My heart sank when I noticed that the most e-mailed story on the BBC News website today is one entitled, ‘Machines to match man by 2029‘.
In summary, the article briefly states that:
“Machines will achieve human-level artificial intelligence by 2029, a leading US inventor has predicted.
Humanity is on the brink of advances that will see tiny robots implanted in people’s brains to make them more intelligent, said Ray Kurzweil.
The engineer believes machines and humans will eventually merge through devices implanted in the body to boost intelligence and health.
“It’s really part of our civilisation,” Mr Kurzweil explained.”
Whilst I think that the suggestion that machines and humans merging really is ‘part of our civilisation’ may be open to some serious question, the piece reminded me of a song by one of Britain’s finest lyricists of the past twenty years, Jarvis Cocker.
On Pulp’s 1998 album, ‘This is Hardcore’, Cocker’s lyrics offered a damning critique of fame from the point of view of someone who desperately craved it, and then on achieving it, realised that it was far from what he actually wanted.
On one track in particular, ‘Glory Days’, Cocker sums up something that I presume many other people of my age feel about the world today (and possibly about Kurzwells’s observations). When I was a child in the 1970s, I remember how various programmes including both ‘Blue Peter’ and ‘Tomorrow’s World’ would regularly feature items about how we would all be living at the turn of the century. Mock-ups of 21st century life would regularly show us having jet-packs, traveling via monorails, living in hi-tech houses that would be voice controlled, and sporting the latest space-age clothes made from fibres such as lycra (or at least, that’s what the fibres looked like). Now that we are in 2008, we couldn’t be farther from reality. Quite thankfully in the latter case what with the growing levels of obesity.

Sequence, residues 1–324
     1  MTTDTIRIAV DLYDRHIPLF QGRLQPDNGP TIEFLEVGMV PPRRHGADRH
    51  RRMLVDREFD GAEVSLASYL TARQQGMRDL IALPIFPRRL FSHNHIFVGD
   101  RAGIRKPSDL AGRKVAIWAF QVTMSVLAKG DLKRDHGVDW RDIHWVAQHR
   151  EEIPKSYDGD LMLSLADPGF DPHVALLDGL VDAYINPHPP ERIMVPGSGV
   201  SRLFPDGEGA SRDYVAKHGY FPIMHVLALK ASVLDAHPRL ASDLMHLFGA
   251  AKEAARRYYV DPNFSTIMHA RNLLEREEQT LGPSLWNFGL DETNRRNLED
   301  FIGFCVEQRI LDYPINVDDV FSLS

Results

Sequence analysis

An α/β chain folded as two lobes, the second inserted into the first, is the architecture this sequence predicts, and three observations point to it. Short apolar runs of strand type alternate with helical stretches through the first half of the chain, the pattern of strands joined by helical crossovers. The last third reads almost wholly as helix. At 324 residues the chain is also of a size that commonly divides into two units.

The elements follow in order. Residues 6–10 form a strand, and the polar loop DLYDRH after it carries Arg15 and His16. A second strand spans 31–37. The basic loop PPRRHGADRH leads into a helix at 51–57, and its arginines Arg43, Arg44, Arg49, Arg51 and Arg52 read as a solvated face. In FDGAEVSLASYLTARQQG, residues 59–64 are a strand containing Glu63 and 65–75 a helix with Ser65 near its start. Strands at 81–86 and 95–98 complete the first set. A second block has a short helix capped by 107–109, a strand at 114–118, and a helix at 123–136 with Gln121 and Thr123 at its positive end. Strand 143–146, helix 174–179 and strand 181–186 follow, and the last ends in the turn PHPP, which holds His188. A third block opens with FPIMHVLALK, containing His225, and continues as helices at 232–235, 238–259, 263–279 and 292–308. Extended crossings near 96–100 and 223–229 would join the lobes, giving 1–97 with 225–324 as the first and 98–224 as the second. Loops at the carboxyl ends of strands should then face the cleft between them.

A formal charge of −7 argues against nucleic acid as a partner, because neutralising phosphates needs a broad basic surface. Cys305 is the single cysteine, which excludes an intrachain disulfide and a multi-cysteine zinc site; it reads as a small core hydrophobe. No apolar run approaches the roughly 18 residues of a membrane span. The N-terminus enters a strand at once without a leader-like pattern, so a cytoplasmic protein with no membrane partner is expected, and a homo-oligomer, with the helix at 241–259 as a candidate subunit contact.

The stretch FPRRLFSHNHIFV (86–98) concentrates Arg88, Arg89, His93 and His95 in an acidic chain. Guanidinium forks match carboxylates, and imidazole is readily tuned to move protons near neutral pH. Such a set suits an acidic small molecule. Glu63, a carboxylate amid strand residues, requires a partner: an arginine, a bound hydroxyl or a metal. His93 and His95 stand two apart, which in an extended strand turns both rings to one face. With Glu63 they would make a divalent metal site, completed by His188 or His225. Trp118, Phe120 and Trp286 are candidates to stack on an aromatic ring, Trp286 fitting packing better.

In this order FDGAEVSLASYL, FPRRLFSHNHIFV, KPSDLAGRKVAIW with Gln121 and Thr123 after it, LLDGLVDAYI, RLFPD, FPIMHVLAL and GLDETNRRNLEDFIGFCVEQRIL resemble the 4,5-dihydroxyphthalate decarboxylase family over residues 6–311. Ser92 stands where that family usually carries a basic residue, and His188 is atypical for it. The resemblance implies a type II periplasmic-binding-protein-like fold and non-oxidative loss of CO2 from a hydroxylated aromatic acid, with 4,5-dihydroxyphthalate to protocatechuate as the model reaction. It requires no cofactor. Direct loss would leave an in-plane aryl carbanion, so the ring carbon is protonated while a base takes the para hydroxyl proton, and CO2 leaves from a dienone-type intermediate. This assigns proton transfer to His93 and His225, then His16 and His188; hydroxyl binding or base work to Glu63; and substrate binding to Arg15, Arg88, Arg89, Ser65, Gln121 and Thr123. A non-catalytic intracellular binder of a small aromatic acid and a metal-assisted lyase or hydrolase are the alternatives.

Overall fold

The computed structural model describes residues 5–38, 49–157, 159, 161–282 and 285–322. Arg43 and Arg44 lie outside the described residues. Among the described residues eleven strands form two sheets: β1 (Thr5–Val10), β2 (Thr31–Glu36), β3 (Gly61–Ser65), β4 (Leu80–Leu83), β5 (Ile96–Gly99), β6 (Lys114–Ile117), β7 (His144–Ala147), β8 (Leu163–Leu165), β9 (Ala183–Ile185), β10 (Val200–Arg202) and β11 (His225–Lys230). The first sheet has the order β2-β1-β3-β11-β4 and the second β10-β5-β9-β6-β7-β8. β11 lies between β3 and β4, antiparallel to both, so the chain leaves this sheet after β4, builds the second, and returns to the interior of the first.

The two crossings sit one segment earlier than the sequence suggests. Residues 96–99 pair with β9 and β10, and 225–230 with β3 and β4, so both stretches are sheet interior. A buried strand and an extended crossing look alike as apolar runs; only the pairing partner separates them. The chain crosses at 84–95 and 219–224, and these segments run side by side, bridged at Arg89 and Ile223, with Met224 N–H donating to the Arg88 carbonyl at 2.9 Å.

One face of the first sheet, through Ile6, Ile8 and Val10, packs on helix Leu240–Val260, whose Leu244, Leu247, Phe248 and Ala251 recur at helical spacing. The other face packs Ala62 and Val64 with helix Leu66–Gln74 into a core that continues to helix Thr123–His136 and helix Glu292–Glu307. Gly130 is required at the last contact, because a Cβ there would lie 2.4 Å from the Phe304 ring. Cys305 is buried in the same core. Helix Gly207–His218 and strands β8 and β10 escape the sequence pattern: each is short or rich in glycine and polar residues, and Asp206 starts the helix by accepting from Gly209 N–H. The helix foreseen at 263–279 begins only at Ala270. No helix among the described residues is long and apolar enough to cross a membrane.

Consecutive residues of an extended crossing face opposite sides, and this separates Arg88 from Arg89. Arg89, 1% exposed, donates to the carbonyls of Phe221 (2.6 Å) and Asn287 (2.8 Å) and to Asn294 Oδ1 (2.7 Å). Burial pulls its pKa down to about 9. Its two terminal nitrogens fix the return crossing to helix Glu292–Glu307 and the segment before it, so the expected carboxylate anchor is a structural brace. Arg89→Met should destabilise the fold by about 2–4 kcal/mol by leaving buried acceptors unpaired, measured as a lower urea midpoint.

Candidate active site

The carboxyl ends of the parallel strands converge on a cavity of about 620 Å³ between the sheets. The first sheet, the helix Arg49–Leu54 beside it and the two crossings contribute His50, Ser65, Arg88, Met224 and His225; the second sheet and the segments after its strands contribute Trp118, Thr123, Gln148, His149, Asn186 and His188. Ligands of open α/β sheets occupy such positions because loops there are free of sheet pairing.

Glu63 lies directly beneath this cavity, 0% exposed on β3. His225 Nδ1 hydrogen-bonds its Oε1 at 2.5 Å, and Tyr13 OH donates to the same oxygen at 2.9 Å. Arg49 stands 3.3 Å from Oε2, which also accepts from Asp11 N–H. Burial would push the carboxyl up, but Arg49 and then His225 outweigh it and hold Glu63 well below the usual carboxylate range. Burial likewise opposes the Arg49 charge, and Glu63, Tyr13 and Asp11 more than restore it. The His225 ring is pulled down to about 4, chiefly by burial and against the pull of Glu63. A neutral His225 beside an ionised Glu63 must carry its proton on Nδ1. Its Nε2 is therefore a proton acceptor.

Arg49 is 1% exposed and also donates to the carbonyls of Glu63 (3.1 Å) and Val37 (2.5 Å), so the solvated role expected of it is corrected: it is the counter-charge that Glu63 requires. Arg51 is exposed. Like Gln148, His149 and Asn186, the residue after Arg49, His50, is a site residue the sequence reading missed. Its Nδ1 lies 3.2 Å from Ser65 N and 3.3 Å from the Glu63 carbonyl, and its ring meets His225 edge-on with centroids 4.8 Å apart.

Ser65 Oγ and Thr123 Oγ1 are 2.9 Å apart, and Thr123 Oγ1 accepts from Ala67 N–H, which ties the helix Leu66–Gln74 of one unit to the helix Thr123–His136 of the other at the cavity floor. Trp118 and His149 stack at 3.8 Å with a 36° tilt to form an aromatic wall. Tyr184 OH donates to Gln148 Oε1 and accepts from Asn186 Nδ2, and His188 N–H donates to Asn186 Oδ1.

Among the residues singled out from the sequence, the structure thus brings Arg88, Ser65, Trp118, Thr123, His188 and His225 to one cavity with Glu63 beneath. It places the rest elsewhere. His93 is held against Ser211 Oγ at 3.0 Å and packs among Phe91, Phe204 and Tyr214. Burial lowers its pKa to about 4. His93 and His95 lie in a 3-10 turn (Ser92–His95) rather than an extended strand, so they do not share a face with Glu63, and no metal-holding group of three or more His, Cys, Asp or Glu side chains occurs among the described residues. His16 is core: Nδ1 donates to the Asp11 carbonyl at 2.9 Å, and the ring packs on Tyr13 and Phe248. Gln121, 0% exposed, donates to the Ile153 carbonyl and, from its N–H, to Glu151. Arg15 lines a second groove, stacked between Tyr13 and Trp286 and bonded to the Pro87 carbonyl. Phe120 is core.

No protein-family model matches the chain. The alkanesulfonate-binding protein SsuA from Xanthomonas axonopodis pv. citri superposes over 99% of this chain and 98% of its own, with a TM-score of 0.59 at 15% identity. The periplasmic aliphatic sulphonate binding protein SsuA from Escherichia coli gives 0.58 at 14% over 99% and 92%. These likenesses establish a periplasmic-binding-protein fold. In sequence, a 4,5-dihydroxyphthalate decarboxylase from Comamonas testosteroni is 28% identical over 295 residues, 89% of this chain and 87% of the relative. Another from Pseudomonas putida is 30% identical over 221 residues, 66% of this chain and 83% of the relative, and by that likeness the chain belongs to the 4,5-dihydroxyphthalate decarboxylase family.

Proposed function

So when Cocker wrote that:
“…we were brought up on the Space-Race, now they expect you to clean toilets,
When you have seen how big the world is how can you make do with this?
If you want me I’ll be sleeping in – sleeping in throughout these glory days…”
I fully identify with what he is saying. Despite all the ‘progress’ and ‘advancements’ we have made since the 1970s (some of which are debatable on a range of levels), we never get beyond the fact that we still have to (metaphorically for some of us at least) clean the toilets. We can never – despite the hi-tech sheen and gloss – remove those gritty realities of our life.
So whether Kurzwell is right or not about having “tiny robots implanted in people’s brains”, the toilets will still need to be cleaned and for those that have to do this – for those at the bottom of the socio-economic pile – I doubt whether anything will change. Life will still be as gritty and real as it has always been.
I guess that in a way, this type of story sums up two things about us as a people and a society. The first is that we live with the expectation that through technological ‘advances’, humanity will ‘progress’ (and for ‘progress’, read improve).
Second, that we have an unquestionable ‘belief’ in science and progress in ways that if someone had a similar ‘belief’ in religion for example, would contemporarily be derided.
Given that “I was brought up on the Space-Race”, when it comes to being implanted with the tiny robots, “If you want me I’ll be sleeping in…”.